The name Borr means son or born. He's the son of Buri, the primeval god freed from a salty ice slab by the ancient cow (Auðumbla).
Borr, Bör, or Burr, however you choose to spell it, is one of the least-known figures in Norse mythology. Interestingly, he’s only mentioned twice from the vast collections of the Norse gods.
He’s quoted in:
- Völuspá, verse four
- The second writing of the Prose Edda (Gylfaginning), chapter six.
So, what do we know about Borr, or Bör, or Burr?
Who Is Borr in Norse Mythology?
Borr is a Norse god. He’s the father of Odin and the grandfather of Thor and Loki.
Let’s consider him under the following headings;
From the two sources, the Poetic Edda and Völuspá, he’s the son of Buri.
Quote from Gylfaginning (second section of the Prose Edda):
Búri begat a son called Borr, who wedded the woman named Bestla, daughter of Bölthorn, the giant; and they had three sons: one was Odin, the second Vili, the third Vé.Gylfaginning – Sacred Texts
Buri; He’s the father of all gods.
Similar to his son (Borr), little is known about him. Although, there is one fascinating account of him mentioned in the Prose Edda; He was rescued from a salty ice block by a cow, which licked the ice for three days. How he got himself there, we’re not told. His wife or his origin, we also don’t know.
As indicated by Snorri Sturluson, author of the Prose Edda, Borr had a wife named Bestla, daughter of Bölþorn. She was a frost giant and alleged to be Mimir’s sister, the wisest of the gods.
Bestla and Borr had three sons; Odin, Vili, and Vé. Odin was the eldest, followed by Vili; the lastborn was Vé.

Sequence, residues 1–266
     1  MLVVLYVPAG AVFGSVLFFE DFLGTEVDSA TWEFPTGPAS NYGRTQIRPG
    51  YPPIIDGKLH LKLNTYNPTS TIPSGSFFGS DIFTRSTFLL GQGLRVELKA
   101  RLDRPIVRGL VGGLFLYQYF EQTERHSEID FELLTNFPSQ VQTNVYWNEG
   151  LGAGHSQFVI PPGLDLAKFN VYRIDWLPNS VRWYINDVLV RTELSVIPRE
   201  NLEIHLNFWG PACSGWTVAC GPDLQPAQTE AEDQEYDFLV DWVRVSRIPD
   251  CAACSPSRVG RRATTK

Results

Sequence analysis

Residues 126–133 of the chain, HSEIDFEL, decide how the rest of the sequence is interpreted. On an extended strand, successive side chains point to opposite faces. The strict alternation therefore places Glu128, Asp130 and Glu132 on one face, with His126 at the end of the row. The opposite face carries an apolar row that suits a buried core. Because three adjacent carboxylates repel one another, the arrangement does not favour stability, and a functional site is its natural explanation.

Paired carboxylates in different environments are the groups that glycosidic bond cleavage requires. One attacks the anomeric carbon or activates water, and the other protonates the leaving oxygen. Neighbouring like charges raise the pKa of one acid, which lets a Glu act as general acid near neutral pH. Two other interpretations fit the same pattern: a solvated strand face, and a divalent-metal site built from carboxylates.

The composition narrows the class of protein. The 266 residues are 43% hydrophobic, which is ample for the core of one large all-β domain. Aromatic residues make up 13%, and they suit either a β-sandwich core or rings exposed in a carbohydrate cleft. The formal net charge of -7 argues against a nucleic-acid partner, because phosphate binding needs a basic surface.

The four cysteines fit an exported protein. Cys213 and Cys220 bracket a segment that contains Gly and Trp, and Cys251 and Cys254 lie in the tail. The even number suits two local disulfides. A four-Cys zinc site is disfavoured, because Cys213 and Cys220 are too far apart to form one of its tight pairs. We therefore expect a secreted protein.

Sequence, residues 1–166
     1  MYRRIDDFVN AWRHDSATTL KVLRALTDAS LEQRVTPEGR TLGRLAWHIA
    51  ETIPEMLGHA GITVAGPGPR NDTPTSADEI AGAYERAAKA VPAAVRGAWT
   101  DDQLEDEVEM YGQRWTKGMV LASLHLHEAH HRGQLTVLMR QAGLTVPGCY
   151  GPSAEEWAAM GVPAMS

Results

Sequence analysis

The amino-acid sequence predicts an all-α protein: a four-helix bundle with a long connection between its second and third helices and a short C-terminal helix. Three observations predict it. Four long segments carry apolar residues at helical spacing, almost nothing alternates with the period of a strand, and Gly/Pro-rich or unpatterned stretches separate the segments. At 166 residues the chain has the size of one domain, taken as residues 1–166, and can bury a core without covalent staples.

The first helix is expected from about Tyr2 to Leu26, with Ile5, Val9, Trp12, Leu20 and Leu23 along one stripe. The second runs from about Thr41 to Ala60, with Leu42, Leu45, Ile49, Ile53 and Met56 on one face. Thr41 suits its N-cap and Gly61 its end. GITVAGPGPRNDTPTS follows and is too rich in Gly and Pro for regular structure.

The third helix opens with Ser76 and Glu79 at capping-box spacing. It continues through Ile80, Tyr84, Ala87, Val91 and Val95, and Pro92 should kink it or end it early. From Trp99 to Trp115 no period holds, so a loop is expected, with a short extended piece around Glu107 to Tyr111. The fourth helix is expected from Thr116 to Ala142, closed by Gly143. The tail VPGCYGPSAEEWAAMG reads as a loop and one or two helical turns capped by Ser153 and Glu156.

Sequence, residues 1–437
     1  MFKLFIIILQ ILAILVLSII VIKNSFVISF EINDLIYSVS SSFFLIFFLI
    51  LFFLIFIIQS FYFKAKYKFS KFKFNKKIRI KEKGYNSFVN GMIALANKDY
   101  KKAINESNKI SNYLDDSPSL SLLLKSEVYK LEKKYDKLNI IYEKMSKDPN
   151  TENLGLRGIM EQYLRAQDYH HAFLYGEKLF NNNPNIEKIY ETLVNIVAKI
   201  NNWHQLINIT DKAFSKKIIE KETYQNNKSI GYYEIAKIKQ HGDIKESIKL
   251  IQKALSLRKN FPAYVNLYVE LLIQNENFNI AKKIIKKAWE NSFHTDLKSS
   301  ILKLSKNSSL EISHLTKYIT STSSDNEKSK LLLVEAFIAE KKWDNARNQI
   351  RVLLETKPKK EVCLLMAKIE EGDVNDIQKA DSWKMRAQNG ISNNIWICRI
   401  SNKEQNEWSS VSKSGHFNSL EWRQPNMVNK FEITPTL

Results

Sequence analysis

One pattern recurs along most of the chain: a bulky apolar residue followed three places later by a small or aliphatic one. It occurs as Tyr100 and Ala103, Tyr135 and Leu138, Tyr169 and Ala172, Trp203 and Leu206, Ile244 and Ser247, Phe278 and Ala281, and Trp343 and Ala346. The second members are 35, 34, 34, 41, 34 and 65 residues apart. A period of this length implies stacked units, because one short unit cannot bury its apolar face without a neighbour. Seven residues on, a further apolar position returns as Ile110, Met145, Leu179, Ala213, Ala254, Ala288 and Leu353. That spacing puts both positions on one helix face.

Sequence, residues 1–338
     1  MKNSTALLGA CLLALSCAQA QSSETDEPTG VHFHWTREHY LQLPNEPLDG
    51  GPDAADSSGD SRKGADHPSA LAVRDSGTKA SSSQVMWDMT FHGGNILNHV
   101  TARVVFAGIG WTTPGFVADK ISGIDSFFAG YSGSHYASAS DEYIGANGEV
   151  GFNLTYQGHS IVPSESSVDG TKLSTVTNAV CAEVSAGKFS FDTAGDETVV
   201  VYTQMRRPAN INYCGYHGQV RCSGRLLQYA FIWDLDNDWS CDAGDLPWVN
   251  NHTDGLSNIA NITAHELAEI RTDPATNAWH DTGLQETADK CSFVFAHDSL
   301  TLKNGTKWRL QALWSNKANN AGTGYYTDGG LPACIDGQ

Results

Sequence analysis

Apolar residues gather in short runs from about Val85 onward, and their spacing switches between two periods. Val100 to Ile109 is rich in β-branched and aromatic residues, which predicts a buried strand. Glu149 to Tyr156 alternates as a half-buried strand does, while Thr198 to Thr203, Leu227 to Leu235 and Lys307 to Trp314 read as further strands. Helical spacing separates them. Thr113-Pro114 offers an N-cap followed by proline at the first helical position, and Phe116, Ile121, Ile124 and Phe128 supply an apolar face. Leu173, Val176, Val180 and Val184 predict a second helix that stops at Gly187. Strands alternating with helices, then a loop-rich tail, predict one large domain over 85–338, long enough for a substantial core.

The sons are categorized as the mightiest gods in Norse mythology. However, of the three, Odin, the father of Thor, is the greatest and most known.
They’re the first Asgard gods. They’re the ones who killed the great Ymir, the father of giants, and created the earth.
Quote from Völuspá, verse four:
Then Bur’s sons lifted the level land, Mithgarth the mighty there they made; The sun from the south warmed the stones of earth, And green was the ground with growing leeks.Voluspa 1-5; Voluspa Org
To the first humans (Ask and Embla), they gave them life and soul (Odin), intelligence, and the ability to feel (Vili); countenance, sight, speech, and hearing (Vé).
Character and Abilities
There is no surviving writing that tells us what Borr looked like or what kind of abilities he possessed. Yes, there is a lot of information from Norse comics about him: a great warrior with unmatched strength and the first king of Asgard.
However, there is no proof of these attributes in the old Norse stories.
Scholars’ Interpretation of Borr: The Father of Odin
There are two scholarly interpretations of Borr in Norse mythology;
- Finnur Magnússon’s understanding, and
- Jacob Grimm’s hypothesis
Both explain how the Vikings and the Germanic people might have viewed Borr.
Finnur Magnússon’s Interpretation
Magnússon was a 19th-century Icelander; he was a scholar and an archaeologist. He viewed Borr and Bestla as the mountain (or mountain chain) from which the Scandinavian people originated.
Magnússon suggested the Caucasus Mountains, which in Persian is called Borz, genitive to the name Bor.
Bestla, on the other hand, signified the snow on the mountain’s summit.
Finnur Magnússon later abandoned the above interpretation in preference for another. In his Lexicon Mythologicum, Magnússon interpreted Borr and Bestla to mean earth and ocean, respectively, and their sons to mean;
- Odin, he interpreted as the spirit of the world
- Vili as the sky and the heavenly lights, and
- Vé as fire
Jacob Grimm’s Interpretation
Grimm was also a 19th-century scholar. He equated Borr with Mannus from the writings of Tacitus, the roman historian. Grimm’s reason for likening Borr to Mannus was due to their similarity in function.
Mannus was the son of Tuisto, and he had three sons, similar to Borr’s story. So, as Mannus is seen in the Germanic theogony as the progenitor of the Germanic people, Grimms concludes the same with Borr. He’s the progenitor of the Vikings.